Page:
sawa sawa - 7 months ago 18
Ruby Question

Chain style html markup

Motivation and Problem

There are several libraries for generating html markup strings using ruby (erb, haml, builder, markaby, tagz, ...), but I am not satisfied with any of them. The reason is that, except for erb, they take the nesting style rather than the chain style. And erb is a way to embed ruby within html rather than generating html with ruby.

To my understanding, one beauty of ruby lies in encouraging the use of chain style:

receiver.method1(args1).method2(args2). ... method_n(args_n)


instead of doing a nesting style:

method_n(...method2(method1(receiver, args1), args2), ... args_n)


But libraries mentioned above (except for erb) take the nesting style (sometimes with the help of block arguments).

My Idea

For my own purpose, I wrote a method
dom
so that I can do html markup in a chain style. When applied to a string, this example

"This is a link to SO".dom(:a, href: "http://stackoverflow.com").dom(:body).dom(:html)


will generate:

<html><body><a href="http://stackoverflow.com";>This is a link to SO</a></body></html>


When applied to an array, this:

[
["a".dom(:td), "b".dom(:td)].dom(:tr),
["c".dom(:td), "d".dom(:td)].dom(:tr)
].dom(:table, border: 1)


will generate

<table border="1";>
<tr>
<td>"a"</td>
<td>"b"</td>
</tr>
<tr>
<td>"c"</td>
<td>"d"</td>
</tr>
<table>


And, when applied without an explicit receiver (outside of a domain of strings and arrays),

dom(:img, src: "picture.jpg", width: 48, height: 48)


will generate

<img src="picture.jpg";width="48";height="48";/>


Note that all is done with just one method
dom
. This is much simpler than using other libraries. It is also flexible in that it is not affected by a change in the inventory of html tags; you just specify that with a symbol argument. In other libraries, there are classes and/or methods for each tag. Furthuremore, unlike erb, it is pure ruby. It is not a DSL that needs to be convertred.

My Implementation

The implementation is as follows:

class Hash
def attribute
map{|k, v| %Q{#{k}#{
case v
when TrueClass; ''
when Hash; %Q{="#{v.subattribute}"}
else %Q{="#{v}"}
end
;}}}.join
end
def subattribute
map{|k, v| %Q{#{k}:#{v};}}.join
end
end

class Array
def dom type, hash = {}
"<#{type} #{hash.attribute}>\n#{join("\n").gsub(/^/, " ")}\n</#{type}>"
end
end

class String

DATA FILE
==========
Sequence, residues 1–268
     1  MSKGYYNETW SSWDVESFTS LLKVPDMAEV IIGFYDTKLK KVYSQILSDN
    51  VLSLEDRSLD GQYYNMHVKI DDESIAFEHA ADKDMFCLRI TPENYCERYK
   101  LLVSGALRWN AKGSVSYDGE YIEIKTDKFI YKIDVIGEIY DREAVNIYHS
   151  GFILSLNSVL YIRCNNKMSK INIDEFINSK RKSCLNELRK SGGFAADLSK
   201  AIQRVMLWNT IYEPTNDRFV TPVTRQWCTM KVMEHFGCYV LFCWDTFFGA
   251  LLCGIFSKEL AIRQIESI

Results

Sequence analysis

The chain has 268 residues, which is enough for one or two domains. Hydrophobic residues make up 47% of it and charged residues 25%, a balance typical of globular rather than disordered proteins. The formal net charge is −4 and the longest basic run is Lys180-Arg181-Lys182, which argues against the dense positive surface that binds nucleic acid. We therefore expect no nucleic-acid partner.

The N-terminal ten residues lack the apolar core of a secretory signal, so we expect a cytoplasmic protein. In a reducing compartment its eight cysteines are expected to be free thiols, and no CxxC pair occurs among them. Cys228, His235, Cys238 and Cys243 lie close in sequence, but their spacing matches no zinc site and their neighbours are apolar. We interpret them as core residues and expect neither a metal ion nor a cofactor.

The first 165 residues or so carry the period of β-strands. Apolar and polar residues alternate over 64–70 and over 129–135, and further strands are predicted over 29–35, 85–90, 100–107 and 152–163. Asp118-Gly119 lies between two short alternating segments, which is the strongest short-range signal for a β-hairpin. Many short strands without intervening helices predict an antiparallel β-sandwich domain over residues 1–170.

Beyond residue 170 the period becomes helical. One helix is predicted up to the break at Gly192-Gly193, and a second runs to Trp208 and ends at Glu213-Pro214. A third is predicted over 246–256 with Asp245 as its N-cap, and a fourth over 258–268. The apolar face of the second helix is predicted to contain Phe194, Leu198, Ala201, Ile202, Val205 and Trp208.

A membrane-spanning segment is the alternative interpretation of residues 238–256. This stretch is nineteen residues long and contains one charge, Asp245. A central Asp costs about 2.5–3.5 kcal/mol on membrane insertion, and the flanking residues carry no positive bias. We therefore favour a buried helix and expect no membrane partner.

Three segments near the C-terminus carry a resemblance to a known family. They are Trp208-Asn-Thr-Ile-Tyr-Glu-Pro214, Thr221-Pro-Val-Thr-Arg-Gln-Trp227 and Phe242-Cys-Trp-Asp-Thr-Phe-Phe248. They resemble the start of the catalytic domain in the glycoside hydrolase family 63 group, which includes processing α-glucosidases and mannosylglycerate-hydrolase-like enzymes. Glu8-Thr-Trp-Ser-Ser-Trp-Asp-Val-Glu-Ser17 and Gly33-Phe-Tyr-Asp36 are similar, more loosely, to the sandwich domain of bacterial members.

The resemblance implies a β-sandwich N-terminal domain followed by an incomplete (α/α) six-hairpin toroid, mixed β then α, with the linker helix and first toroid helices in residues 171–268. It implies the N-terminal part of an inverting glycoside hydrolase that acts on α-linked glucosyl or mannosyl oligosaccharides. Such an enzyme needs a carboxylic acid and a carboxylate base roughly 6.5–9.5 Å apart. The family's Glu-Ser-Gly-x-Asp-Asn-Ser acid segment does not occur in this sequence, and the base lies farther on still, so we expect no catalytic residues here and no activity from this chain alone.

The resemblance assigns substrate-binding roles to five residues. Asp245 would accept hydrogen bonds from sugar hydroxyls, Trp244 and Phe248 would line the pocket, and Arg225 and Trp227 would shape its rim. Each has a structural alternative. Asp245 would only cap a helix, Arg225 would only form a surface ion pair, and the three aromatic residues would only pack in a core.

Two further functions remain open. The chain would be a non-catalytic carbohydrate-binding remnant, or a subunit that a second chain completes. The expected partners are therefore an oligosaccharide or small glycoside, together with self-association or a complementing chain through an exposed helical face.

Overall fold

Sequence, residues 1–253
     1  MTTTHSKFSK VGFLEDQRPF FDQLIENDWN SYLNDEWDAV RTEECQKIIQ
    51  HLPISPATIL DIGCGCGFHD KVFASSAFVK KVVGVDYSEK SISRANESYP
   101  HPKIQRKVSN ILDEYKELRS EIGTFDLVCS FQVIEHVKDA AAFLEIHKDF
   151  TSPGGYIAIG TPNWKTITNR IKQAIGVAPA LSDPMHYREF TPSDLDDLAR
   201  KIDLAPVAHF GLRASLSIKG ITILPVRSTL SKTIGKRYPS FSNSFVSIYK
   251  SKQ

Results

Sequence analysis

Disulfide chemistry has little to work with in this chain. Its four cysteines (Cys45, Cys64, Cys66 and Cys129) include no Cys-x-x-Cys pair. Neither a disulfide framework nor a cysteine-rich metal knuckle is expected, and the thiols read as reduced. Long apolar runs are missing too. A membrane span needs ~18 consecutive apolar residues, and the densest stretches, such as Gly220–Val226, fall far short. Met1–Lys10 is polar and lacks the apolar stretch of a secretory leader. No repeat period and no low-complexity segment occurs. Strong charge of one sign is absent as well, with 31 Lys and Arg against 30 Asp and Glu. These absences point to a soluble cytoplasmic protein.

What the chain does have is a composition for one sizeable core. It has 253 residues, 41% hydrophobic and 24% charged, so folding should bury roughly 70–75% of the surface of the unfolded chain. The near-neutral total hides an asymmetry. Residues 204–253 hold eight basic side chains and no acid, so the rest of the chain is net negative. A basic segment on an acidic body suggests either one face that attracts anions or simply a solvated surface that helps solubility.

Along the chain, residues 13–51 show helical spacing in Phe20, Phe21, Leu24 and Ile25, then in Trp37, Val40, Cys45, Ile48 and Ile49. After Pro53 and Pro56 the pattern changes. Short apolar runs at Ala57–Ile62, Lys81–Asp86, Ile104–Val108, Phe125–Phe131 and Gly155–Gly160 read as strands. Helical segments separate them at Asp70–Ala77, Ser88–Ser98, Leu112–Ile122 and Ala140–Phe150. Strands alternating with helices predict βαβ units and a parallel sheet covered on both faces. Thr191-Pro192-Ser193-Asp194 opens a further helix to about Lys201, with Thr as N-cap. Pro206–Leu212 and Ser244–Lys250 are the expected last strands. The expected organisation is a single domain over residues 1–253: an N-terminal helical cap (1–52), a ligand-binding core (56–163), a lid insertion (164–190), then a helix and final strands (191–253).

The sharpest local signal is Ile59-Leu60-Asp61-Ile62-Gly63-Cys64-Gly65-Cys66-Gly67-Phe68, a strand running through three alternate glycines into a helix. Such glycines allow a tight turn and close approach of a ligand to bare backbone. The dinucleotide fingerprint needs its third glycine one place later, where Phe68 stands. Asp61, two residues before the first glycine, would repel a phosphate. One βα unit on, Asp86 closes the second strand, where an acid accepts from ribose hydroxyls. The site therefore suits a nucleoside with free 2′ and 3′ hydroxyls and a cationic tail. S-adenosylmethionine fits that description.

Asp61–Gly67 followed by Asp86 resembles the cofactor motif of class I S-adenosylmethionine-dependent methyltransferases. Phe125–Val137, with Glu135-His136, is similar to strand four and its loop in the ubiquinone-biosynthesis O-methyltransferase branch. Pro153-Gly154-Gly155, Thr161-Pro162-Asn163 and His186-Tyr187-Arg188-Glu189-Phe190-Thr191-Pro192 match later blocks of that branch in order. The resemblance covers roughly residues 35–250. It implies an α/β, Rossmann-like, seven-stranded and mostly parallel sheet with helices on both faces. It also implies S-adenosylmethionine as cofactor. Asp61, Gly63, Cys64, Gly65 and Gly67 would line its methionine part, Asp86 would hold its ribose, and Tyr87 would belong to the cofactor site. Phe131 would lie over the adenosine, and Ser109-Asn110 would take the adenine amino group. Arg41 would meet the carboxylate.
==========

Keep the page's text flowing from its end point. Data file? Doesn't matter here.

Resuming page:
def dom type, hash = {}
"<#{type} #{hash.attribute}>#{self}</#{type}>"
end
end

class Object
def dom type, hash = {}
"<#{type} #{hash.attribute}/>"
end
end


Questions


  • Are there already stable libraries that do a similar thing?

  • What will be the potential problems to this approach (particularly to my implementation or to doing this in chain approach)?

  • Some attributes take boolean values, which are often encouraged to be omitted. For example,
    <input type="text";readonly>
    instead of
    <input type="text";readonly="true">
    . In my present implementation, I can do that by passing
    true
    (which will not be used in the end) as the value for such attribute like
    dom(:input, type: "text", readonly: true)
    , but that seems redundant and is also part of the reason that I have
    case
    statement in the code, making it slower. Is there a better way to do this?

  • Are there any possible improvements to the implementation?


Answer

The main reason of haml and most other nested stuff is that it is basically easy to look how your HTML is nested. I am assuming this but do you actually code HTML or do you do more backend stuff? The reason for it is that in nested style, you will see how your elements are nested(which is important to you if you are also writing the styles)

While it is quite easier to write

 .dom(:body).dom(:html)

it is difficult for a designer to see how the HTML flows without mapping and trying it to visualize in his head, whereas:

 %html
   %body

does that already with just one look.

Take not of a longer example:

 "This is a link to SO".dom(:a, href: "http://stackoverflow.com").dom(:body).dom(:html)

Would it be easier for you if say the client or you needed to add a clickable image to the link? How would you have done it? In haml it is easy as:

 %html
   %body
     %a{:href => "blah"}
       = image_tag("image.png")

Also, IMHO, writing dom(:) for each html tag is just as tedious as writing the closing tag for it(which HAML and the others fixed)

Again, these are just my opinions from an XHTML/CSS programmer(as opposed to a ruby programmer perspective)

And lastly, I would also think that this can be turned into a community wiki or something as this doesn't merit an exact answer and will probably spawn a lot of subjective ones like this one.